Most studies on apple cider vinegar have examined its potential to reduce blood sugar. A study which examined both its long and short-term effects and found that many results favored the groups using vinegar, although not by a significant margin. The study reports that apple cider vinegar caused a small, significant reduction in HbA1c results after 8-12 weeks. HbA1c levels reflect a person’s blood glucose levels over many weeks or months. On a short term basis, groups taking apple cider vinegar saw significant improvement in blood glucose levels 30 minutes after consuming the vinegar. However, the differences between the vinegar and control groups reduced after this time frame.

Another study suggested that apple cider vinegar may improve the way that the body absorbs blood sugar and increase insulin sensitivity in the skeletal muscles. Apple cider vinegar contains acetic acid, which some researchers have claimed to have an effect on reducing obesity. Obesity is one of the main triggers of type 2 diabetes.

Apple Cider vinegar’s effects on people with type 2 diabetes are the subject of fewer specific studies. A particular study in this regard showed that 2 tablespoons(tbs) of vinegar could help reduce hyperglycemia, or high glucose levels, after meals.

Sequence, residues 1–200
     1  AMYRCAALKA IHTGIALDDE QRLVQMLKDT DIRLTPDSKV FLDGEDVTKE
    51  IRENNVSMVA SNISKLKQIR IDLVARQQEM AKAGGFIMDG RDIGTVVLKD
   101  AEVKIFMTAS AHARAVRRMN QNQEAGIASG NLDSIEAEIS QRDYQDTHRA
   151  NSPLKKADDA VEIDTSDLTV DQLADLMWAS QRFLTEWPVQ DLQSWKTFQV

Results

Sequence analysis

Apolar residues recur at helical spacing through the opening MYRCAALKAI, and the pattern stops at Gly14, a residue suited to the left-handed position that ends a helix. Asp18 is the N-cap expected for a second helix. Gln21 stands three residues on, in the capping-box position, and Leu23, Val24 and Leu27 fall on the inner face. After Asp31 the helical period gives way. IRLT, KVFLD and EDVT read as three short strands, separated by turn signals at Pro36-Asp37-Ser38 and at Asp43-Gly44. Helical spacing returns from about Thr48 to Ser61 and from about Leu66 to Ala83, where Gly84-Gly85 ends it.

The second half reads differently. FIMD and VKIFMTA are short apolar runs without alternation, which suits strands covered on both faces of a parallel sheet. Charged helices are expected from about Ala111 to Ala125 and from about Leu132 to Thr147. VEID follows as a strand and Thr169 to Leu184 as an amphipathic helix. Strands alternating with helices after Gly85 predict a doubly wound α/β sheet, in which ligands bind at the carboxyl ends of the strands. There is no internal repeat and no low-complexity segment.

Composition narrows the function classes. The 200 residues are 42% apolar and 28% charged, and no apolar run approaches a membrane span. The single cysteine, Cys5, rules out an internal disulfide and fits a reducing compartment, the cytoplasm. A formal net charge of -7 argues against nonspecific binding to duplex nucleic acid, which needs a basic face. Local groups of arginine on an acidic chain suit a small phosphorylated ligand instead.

Can apple cider vinegar lower blood sugar levels in people with diabetes?

Let us cut right to the chase: apple cider vinegar has shown to reduce blood sugar levels slightly in people with type 2 diabetes and type 1 diabetes, but the results aren’t going to have a tremendous impact on your A1c from apple cider vinegar alone. In well managed type 2 diabetes, drinking apple cider vinegar before bed helps manage morning blood sugars. In a 2007 study from Arizona, patients with well-managed type 2 diabetes who did not take insulin drank 2 tablespoons of apple cider vinegar with 1 ounce of cheese every night. The study also included a placebo group of patients with well-managed type 2 diabetes, who drank water instead of apple cider vinegar.

In the placebo group of morning fasting blood sugar levels were 2% lower by the end of the study. In the apple cider vinegar group, morning fasting blood sugar levels were 4-6 % lower.